I can’t seem to escape from seeing Kylie Jenner anywhere on social media for the past few weeks.
The youngest Kardashian has been a trending topic recently for her superlatives in magazines.
I don’t have that much of a problem with her being the most influential member of her family.
Based off her social media accounts, I could see this coming.
Jenner has climbed up the ladder. She currently has 12 million followers on Instagram and seven million on Twitter. Along with that, it’s safe to assume that she probably has a million followers on her Tumblr as well.
Polyvore published a graph showing all internet searches of each member of the Kardashian family. Uber popular sisters Kim Kardashian and Kendall Jenner had their share of fame (Kim’s search peak was during her wedding, Kendall’s was during New York Fashion Week), but Kylie has been a strong rising trend search that is now at its pinnacle.
With the Kardashians holding a strong young adult fan base, Kylie Jenner has seemed to capture their interest through her edgy and rebellious style. Her Instagram is flooded with photos of her black and leather clothing, crazy hair and nails and signature raised-eyebrow-and-pouty-lip selfies.
Her fashion style is very different from the rest of her sisters, which has also attracted teens to follow her. She has capitalized this by creating a hair line and shoe line with Steve Madden.
Her success as a teenage reality star and famous sister of Kim Kardashian is somewhat commendable. If I were a 17 year-old that wasn’t in high school, I would love to live a life of buying whatever high-end urban clothing I wanted while jet setting around the world.
However, the issue that I have with Jenner being named one of the “25 Most Influential Teens of 2014” is that her accomplishments in fashion and social media do not equate to the accomplishments of other teens on that list.
Take Malala Yousafzai. She is a Nobel Peace Prize recipient. She has written a biography of her life living in Pakistan and being shot in the head by the Taliban. She is a Pakistani activist who has started her own nonprofit, the Malala Fund, to promote and fund education for young women. I think it’s safe to say she has Jenner beat by a smidge.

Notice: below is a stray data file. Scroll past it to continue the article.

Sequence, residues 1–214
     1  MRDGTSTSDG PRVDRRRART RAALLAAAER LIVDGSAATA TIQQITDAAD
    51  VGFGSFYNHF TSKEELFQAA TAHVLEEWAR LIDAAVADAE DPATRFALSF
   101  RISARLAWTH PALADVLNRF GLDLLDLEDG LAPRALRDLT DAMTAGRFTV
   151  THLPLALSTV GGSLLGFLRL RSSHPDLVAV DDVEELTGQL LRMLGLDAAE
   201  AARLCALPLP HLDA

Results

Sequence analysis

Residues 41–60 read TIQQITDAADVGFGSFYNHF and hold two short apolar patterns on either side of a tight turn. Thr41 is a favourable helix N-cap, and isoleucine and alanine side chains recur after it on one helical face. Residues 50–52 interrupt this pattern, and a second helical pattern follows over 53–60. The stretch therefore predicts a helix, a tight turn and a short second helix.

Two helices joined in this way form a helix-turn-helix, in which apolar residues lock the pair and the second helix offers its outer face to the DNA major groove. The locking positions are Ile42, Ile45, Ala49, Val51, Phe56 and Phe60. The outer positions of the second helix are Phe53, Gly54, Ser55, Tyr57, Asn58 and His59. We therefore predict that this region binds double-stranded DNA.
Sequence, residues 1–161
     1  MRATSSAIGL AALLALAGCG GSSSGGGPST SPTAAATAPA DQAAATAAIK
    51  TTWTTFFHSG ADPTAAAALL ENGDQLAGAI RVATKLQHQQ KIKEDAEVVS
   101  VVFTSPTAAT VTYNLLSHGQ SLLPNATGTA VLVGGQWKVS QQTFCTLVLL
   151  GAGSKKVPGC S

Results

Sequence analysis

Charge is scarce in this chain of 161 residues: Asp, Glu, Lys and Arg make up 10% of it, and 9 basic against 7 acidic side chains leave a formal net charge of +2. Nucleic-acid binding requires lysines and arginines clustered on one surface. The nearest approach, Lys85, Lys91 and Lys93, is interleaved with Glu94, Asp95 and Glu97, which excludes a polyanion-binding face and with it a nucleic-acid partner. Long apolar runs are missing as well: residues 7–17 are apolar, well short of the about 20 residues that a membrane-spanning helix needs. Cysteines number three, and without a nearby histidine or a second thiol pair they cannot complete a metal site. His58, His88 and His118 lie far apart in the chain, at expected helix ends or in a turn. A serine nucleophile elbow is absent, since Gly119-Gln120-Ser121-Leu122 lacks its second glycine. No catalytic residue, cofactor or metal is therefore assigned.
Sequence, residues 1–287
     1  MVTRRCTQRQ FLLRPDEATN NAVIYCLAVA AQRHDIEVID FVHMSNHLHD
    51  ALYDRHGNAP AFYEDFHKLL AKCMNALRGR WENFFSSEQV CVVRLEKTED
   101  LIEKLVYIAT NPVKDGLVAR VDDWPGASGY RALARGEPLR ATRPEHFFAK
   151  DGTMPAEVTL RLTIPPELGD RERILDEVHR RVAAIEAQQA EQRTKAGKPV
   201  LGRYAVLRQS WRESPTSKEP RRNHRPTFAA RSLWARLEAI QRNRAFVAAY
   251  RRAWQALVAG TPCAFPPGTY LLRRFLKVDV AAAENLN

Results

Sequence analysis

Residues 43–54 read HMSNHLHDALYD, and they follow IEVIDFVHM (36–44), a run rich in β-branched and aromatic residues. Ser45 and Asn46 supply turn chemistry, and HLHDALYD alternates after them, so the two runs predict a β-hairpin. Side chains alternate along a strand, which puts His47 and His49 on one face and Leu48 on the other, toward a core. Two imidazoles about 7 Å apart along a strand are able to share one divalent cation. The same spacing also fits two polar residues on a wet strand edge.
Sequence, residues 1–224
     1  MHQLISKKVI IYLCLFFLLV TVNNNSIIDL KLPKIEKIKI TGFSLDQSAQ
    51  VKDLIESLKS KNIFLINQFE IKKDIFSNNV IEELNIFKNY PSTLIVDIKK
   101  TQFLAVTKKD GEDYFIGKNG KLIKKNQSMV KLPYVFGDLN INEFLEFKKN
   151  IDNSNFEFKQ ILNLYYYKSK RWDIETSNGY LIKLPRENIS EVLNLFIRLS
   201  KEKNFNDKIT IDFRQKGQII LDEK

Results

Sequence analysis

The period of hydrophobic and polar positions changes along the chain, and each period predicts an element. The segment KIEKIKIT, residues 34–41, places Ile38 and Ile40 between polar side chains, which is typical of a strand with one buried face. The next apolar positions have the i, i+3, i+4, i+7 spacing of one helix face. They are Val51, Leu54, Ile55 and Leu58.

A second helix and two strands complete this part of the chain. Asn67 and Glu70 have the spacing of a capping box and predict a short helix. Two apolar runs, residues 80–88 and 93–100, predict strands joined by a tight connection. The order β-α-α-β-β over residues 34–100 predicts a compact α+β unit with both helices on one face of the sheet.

Another is Joshua Wong. According to Time Magazine, this young man has become the face of the Hong Kong protests. He’s a symbol of hope, finding peers and other supporters to fight for this cause in hopes to fight for Hong Kong’s democracy. He has been called an extremist in mainland China and has been faced with adversity, yet he still fights.
I know these young adults I exemplified are exceptions. They are people who have experience unfathomable things in their countries and have used this to fuel their passion for change and their dreams. Jenner cannot help that she lived in a fortunate country with an even more fortunate family and upbringing.
But what I am saying is that although Jenner is a significant influence amongst teenagers, I do not believe that she and her sister should be listed with other individuals like Yousafzai and Wong.
It’s somewhat disrespectful. Here, a Nobel Prize Winner and a young activist that has been called a pariah in mainland China is on the same level of influence as a pretty, fashionable celebrity.
I think her title of being the “Most Influential Kardashian” is true. I also do believe she is influential to teens on social media like Instagram.
But to be considered one of the “25 Most Influential Teens of 2014?” Especially when there are other teenagers facilitating cancer research, expediting technological advances and advocating and fundraising for their own nonprofits? I don’t think it’s right at all.